Will Going Vegetarian Help You Lose Weight?
It worked for Adele. Will it work for you?
Rumor has it that Adele has slimmed down by following a strict vegetarian diet. Whether that's truth or fiction many people have been asking me, "is going veggie a good way to lose weight?" The answer is a resounding yes-but only if you do it right.
According to the Centers for Disease Control and Prevention, over 65 percent of American adults age 20 and up are overweight or obese, but the prevalence of obesity among vegetarians and vegans is below 10 percent. On average, the body weights of both male and female vegetarians are three percent to 20 percent lower than omnivores. Research has also found that switching to a healthy vegan diet leads to weight loss, even without changes to exercise or limits on portion size, calories, or carbohydrates. And, studies have found an increase in calorie burn after vegan meals, meaning plant-based foods may be used more efficiently as fuel for the body, as opposed to being stored as fat-pretty powerful support for a plant-based diet. But in my years of private practice I've also seen people gain weight by going vegetarian, when they don't get the right balance. Here are some veggie dos and don't's:
DO aim for quality
In order to help you slim down and optimize your health, vegetarian or vegan meals should contain plenty of vegetables, fruits, beans, lentils, whole grains, nuts, seeds, and healthy plant-based fats like avocado. I've met tons of "junk food vegetarians and vegans" who don't eat the minimum recommended servings of produce and live on highly processed foods like faux pepperoni pizza, veggie hot dogs, vegan cookies, candy, and ice cream. It's not just about getting the animal-based ingredients out; it's also about eating whole, nutrient-rich foods.
DON'T overdose on cheese
Ounce for ounce, cheddar packs four times the calories and nine times the fat of skinless chicken breast, which is why I've seen new vegetarians gain weight when they trade turkey sandwiches for grilled cheese sandwiches, or rely on pizza and mac and cheese as staples. If you decide to keep dairy in your diet, limit yourself to one cheesy meal per day with a max of one ounce of real, natural, or organic cheese. And stick with 0 percent organic milk or yogurt and plant-based proteins like beans and organic tofu at other meals.
DON'T forgo protein
Protein is a key factor in weight control because it boosts satiety, preserves muscle and revs up metabolism. If you go vegan be sure to pay attention to your protein intake. Quinoa provides eight grams per cup cooked, lentils pack 17 grams per cup cooked, one serving of extra firm organic tofu contains 9 to 11 grams, and almonds provide 6 grams per ounce.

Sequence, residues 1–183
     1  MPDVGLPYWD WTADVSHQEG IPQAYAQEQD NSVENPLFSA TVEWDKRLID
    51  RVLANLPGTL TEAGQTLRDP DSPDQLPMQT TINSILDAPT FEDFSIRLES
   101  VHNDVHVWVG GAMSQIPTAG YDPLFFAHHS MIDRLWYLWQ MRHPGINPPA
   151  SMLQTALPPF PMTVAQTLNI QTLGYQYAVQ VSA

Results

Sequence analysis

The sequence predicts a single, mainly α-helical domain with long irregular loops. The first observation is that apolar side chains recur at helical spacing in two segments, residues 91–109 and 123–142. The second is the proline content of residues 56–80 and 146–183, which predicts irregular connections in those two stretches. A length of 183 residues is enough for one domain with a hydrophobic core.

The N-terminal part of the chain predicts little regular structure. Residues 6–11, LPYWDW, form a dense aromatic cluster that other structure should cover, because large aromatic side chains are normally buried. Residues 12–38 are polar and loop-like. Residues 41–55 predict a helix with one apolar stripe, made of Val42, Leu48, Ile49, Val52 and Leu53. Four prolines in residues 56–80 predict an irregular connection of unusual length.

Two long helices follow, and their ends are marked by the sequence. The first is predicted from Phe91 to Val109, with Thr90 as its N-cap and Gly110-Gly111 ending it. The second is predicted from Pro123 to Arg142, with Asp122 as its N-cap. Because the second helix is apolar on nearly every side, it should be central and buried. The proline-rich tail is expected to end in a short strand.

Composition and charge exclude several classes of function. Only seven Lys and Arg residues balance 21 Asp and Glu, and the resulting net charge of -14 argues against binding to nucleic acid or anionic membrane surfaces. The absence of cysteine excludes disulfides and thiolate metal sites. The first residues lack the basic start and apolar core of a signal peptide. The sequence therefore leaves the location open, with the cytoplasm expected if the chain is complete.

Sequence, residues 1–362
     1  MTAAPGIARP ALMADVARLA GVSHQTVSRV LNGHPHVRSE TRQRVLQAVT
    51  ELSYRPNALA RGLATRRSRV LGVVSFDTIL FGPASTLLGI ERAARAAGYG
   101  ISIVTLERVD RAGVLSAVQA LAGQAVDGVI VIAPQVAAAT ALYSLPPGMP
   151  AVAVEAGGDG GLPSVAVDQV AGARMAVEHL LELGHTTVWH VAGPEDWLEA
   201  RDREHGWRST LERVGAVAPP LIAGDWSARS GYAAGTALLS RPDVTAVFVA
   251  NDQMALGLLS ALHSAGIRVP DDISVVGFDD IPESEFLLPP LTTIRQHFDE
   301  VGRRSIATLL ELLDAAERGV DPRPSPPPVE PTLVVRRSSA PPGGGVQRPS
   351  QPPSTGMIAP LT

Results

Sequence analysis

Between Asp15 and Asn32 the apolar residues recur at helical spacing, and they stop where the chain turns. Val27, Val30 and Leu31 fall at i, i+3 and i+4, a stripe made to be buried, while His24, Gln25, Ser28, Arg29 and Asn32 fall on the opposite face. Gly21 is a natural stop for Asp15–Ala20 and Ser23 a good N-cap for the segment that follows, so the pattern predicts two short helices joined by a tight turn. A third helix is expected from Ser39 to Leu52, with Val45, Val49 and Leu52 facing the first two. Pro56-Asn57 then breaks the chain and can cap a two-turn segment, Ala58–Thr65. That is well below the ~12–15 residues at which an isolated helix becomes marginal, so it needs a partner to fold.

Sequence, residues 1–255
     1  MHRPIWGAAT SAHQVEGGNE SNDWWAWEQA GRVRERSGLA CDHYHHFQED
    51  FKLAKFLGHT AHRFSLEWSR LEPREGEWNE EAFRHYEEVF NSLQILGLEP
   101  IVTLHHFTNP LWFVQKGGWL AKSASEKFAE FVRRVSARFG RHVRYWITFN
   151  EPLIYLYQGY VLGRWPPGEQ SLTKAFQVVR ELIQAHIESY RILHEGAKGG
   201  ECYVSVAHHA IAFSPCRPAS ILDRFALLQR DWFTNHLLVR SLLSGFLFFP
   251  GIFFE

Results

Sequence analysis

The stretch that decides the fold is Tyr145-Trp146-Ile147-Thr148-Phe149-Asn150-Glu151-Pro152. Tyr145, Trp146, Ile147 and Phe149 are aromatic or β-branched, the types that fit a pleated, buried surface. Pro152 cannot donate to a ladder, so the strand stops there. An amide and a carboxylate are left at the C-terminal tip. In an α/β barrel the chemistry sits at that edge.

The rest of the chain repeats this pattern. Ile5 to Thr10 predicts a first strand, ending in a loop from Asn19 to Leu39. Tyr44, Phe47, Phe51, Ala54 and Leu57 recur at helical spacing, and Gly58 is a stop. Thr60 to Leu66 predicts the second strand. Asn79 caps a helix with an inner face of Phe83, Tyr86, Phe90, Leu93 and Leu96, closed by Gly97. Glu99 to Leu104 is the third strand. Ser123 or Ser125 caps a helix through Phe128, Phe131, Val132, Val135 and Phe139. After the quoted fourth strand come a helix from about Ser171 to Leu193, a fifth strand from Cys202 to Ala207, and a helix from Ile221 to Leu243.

DON'T drink your produce
Health conscious vegetarians are often fans of drinks that combine green veggies and fruit, but a 16 ounce glass can pack over 250 calories and not feel as filling as eating that produce whole. For example, for less than 250 calories you could eat:
1 cup raw broccoli – 20 calories
1 cup raw carrots - 50 calories
1 cup raw kale – 35 calories
1 medium apple – 80 calories
1 cup whole strawberries – 50 calories
I recommend juicing and fresh veggie/fruit drinks to clients who are professional athlete who have a hard time eating the amount of produce they need for fuel and recovery. But for my clients who exercise an hour a day or less, who are trying to lose weight, whole fruits and veggies are a much better way to meet their bodies needs and feel full after meals and snacks.
For more info about how to go veggie, even part time, and build a balanced plate, check my article on how to eat more plant based meals. And if you're becoming vegan and want to be sure you're getting enough nutrients like iron, zinc, and calcium, I highly recommend a book written by two of my colleagues Becoming Vegan: The Complete Guide to Adopting a Healthy Plant-Based Diet. What's your take on this topic? Have you lost or gained weight by going veggie? Do you have questions about how to do it right? Please tweet @cynthiasass and @Shape_Magazine.
Cynthia Sass is a registered dietitian with master's degrees in both nutrition science and public health. Frequently seen on national TV, she's a SHAPE contributing editor and nutrition consultant to the New York Rangers and Tampa Bay Rays. Her latest New York Times best seller is S.A.S.S. Yourself Slim: Conquer Cravings, Drop Pounds and Lose Inches.